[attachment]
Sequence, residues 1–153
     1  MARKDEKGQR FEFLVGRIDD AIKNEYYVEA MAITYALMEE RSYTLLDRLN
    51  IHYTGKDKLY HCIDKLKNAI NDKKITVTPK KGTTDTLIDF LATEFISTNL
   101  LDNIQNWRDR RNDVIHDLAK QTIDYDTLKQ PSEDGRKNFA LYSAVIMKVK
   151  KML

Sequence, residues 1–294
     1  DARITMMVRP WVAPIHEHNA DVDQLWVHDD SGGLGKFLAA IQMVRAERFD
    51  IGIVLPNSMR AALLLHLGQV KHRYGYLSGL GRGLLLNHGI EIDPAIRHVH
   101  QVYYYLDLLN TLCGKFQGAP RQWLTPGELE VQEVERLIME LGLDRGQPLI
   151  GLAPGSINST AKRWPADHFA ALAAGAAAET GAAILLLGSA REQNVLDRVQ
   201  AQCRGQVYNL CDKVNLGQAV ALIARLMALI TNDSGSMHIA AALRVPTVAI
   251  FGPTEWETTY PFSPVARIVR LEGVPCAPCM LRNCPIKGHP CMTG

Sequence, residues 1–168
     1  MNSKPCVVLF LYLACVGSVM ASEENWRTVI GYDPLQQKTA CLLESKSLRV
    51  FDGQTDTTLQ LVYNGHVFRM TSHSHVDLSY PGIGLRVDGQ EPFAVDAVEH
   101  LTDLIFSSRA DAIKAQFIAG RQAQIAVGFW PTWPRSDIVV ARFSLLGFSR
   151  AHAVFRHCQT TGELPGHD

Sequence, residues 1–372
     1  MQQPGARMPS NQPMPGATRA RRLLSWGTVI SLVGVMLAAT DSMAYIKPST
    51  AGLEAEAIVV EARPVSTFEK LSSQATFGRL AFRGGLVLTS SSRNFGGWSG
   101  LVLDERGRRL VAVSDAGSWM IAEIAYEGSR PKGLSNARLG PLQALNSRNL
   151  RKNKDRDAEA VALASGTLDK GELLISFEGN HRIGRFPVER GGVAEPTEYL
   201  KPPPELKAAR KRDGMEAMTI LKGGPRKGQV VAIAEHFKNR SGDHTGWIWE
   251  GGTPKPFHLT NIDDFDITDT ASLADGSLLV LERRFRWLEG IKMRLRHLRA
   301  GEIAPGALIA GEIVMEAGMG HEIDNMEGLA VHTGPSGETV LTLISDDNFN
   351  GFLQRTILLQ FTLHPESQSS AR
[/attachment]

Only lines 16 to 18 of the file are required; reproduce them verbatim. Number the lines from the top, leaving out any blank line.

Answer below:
   101  LTDLIFSSRA DAIKAQFIAG RQAQIAVGFW PTWPRSDIVV ARFSLLGFSR
   151  AHAVFRHCQT TGELPGHD

Sequence, residues 1–372